January 2016 Projected launch of the Russian Space Agency's Spectrum-R(oentgen)-Gamma orbiting X-ray observatory. This mission, a totally reconfigured version of what was once called Spectrum-X-Gamma, has a science payload which includes the following X-ray instruments:
- extended Roentgen Survey with an Imaging Telescope Array (e-ROSITA): Germany
- Astronomical Roentgen Telescope X-ray Concentrator (ART-XC): Russia
eROSITA will perform an all-sky medium-energy X-ray survey with a hundred times more sensitivity and a hundred times better angular resolution than the best previous 2-10 keV survey (performed by the A-2 instrument on HEA0-1 in the late 1970's). The main scientific goals are:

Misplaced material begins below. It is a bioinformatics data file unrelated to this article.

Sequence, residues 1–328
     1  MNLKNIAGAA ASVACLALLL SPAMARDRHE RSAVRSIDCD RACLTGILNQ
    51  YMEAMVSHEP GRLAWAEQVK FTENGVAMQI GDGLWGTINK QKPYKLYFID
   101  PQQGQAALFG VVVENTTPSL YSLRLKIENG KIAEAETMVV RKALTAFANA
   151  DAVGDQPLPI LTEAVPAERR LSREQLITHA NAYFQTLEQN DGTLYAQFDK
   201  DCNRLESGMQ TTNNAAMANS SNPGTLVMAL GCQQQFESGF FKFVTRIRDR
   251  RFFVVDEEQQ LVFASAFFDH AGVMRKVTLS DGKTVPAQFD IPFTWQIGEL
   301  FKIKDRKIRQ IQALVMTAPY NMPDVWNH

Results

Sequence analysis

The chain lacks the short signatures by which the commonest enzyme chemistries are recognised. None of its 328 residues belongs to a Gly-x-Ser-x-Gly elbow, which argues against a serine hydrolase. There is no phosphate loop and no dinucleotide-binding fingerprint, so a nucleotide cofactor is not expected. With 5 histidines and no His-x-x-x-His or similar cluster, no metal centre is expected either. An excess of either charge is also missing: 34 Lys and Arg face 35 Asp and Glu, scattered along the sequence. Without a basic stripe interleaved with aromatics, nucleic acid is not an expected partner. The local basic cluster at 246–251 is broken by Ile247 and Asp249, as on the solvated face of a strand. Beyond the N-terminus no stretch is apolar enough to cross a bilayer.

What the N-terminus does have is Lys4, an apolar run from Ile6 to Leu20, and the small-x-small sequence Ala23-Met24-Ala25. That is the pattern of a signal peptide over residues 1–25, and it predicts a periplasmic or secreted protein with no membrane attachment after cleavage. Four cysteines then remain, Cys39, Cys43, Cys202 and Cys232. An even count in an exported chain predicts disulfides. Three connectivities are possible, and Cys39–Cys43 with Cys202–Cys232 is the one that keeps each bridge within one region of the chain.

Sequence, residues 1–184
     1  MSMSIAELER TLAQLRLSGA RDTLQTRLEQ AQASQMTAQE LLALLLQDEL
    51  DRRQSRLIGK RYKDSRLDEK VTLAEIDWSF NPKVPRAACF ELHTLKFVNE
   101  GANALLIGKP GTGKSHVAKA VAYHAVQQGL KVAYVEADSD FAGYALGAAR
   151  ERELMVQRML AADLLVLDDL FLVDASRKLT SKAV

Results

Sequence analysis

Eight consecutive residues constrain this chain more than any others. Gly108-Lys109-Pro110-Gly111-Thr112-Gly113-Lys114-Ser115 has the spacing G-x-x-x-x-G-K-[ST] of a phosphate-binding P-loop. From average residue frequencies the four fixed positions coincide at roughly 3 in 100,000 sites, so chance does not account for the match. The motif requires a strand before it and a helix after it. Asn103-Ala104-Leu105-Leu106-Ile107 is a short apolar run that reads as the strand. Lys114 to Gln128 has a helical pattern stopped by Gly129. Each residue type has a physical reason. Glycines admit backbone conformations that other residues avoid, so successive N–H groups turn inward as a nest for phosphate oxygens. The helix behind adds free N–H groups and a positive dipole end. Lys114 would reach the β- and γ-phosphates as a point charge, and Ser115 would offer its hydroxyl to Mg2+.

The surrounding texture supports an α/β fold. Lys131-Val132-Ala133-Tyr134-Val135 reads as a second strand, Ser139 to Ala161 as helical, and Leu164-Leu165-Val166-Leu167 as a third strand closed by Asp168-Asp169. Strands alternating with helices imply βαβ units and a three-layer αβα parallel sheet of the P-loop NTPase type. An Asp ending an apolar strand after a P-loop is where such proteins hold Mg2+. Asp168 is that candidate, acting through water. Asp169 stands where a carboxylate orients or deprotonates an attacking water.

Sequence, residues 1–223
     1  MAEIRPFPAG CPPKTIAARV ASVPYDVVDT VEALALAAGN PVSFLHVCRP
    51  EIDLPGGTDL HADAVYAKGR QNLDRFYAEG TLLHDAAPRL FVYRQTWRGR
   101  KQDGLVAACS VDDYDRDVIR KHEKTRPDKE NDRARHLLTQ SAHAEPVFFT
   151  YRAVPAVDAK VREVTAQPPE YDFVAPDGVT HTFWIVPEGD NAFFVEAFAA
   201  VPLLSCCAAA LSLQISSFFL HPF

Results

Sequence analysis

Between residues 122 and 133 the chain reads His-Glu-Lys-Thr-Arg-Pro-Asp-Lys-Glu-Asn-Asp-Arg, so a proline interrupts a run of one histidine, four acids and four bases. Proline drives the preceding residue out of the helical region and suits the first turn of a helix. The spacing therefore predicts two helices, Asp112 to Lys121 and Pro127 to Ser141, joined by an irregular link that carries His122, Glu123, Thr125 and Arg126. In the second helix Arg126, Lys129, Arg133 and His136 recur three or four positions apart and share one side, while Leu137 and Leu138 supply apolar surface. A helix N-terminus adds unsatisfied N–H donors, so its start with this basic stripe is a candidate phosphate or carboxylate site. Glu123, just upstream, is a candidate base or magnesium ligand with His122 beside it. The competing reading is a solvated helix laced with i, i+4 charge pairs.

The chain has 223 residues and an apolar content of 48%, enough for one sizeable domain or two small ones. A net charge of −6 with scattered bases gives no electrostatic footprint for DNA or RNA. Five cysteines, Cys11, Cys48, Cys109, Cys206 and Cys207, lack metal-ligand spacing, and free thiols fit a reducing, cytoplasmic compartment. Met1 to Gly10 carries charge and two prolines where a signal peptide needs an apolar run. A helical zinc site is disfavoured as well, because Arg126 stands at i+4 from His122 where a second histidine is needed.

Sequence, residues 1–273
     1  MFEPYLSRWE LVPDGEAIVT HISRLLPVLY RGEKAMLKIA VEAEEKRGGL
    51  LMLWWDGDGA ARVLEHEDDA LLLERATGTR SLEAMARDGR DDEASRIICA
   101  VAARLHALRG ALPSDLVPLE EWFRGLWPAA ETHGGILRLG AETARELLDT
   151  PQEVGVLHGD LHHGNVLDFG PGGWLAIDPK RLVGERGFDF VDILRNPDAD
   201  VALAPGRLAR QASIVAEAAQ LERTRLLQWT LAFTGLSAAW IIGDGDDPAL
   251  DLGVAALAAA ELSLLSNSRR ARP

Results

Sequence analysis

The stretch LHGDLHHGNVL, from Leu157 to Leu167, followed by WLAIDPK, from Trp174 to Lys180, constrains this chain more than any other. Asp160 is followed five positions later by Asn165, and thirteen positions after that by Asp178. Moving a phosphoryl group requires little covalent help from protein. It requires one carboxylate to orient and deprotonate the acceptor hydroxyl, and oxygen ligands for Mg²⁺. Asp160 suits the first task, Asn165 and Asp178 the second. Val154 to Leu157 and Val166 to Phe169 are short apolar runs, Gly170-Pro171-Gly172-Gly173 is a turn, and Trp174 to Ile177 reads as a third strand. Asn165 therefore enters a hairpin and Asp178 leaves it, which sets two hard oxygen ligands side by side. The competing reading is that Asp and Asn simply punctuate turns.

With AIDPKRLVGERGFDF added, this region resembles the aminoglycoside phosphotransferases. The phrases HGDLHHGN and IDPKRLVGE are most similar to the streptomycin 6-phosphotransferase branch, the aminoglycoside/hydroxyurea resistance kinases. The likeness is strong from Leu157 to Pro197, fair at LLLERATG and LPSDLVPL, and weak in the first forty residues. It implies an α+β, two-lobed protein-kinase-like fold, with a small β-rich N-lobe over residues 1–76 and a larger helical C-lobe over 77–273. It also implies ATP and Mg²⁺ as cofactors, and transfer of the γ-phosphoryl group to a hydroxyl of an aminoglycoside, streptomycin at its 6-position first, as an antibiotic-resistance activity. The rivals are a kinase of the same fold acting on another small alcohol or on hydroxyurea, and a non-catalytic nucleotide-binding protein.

* To detect systematically all obscured accreting Black Holes in nearby galaxies, as well as many (> 170000) new, distant active galactic nuclei,
* To detect the hot intergalactic medium of 50-100 thousand galaxy clusters and groups and hot gas in filaments between clusters, so as to map out the large-scale structure in the Universe for the study of cosmic structure evolution, and
* To study in detail the physics of galactic X-ray source populations, like pre-main sequence stars, supernova remnants and X-ray binaries.
2015 - 2016 Projected launch of the Chinese Academy of Sciences Dark Matter Particle Explorer (DAMPE) satellite. This mission, which will detect high-energy 5 GeV - 10 TeV) gamma rays and electrons, and cosmic rays with energies in the range from 100 GeV to 100 TeV, will search for dark matter in the universe and also study cosmic ray acceleration and propagation.